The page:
Find it at your library!

Is it just me, or is this book criminally under the radar? I’m not even sure where I heard about it or how it ended up on my list, but it’s certainly not one I’ve seen bandied about much. I didn’t even have any immediate plans to read it—I used an Audible credit on it out of desperation one night when the two other books I planned to read next in audio turned out not to be available in the format (#firstworldproblems).

My sweet spot when it comes to mysteries and thrillers is somewhere between cozy and brutal, which in my experience can be a pretty narrow target to hit. I am weirded out by books that are too cutesy or jokey about death, but I also can’t stomach outright gore. So my ideal mysteries are the kind that take crime seriously, but don’t wallow around in the bloody details. As I flipped through my TBR, desperately searching for anything that might fit the bill, I reread the synopsis of The Crossing Places and thought, yeah, that sounds about right. And it totally was!

Ruth Galloway is my jam. I don’t know when I’ve more closely identified with a character. She’s an antisocial nerd, a bit overweight, much more confident in her field of expertise than interactions with people. Her work as an archaeologist leads the police to seek her help on a case dealing with bones found in a salt marsh near her home. The bones turn out to be thousands of years old, and not those of a missing girl, but Ruth gets sucked into the case anyway, partly out of her own interest and partly by forces out of her control. While I’m a little miffed that I hadn’t heard of this series before now, I’m tickled that there are eight other books for me to enjoy, no waiting required.

Find it at your library!

The most empowering book I’ve read since my fabulous, fashion-forward grandma and I paged through Color Me Beautiful circa 1991 and I learned why I always look like a warmed-over corpse in pale yellow. (It’s not my fault! I’m a Summer!)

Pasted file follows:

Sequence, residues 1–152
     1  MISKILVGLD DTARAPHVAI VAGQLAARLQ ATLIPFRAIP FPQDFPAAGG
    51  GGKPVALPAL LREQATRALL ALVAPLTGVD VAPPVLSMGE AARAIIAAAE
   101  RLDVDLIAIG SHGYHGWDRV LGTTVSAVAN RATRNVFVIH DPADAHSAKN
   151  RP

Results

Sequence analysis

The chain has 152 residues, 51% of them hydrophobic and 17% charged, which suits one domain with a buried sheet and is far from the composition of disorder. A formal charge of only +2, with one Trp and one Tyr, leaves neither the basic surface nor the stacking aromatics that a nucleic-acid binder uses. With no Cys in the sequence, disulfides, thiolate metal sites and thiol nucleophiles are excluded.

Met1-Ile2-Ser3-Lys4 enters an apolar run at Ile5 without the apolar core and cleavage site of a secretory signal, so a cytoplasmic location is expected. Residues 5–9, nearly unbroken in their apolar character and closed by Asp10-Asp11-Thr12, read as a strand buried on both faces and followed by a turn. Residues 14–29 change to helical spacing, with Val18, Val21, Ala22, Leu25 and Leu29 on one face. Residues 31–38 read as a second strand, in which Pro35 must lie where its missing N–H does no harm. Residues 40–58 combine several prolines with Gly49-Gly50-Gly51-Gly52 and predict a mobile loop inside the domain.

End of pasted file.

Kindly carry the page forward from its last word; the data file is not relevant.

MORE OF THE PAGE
Amy Schumer is just the BEST. If you’re not 100% sold on her raunchy brand of humor, read her book and prepare to be totally convinced of her awesomeness. If you thought her book would simply be a series of vag jokes, you thought wrong.

What most impressed me: she can switch gears from funny to serious and back again with no lapse in momentum. A list of topics Amy covers in the book would be downright depressing: rape, terminal illness, bad parenting, domestic abuse, and gun violence are all on the menu, and she somehow covers everything in an uproarious way without ever making light of it. How?! Thus is the genius of Amy Schumer.

Truly confident people make everyone around them feel confident too, and that is the effect this book had on me. I’m trying so, so hard to come up with a way to explain it that isn’t horribly corny. Trying and failing. Let’s all be ourselves! Unapologetically and with gusto! Grab life by the horns! (This is why Amy Schumer has the book deal and not me, guys.)

As I always do with celebrity memoirs, I heartily recommend you listen to the audio version. Let the stand-up comedian do her job and deliver those one-liners in her own voice.

Easily makes the list of my top five books of the year.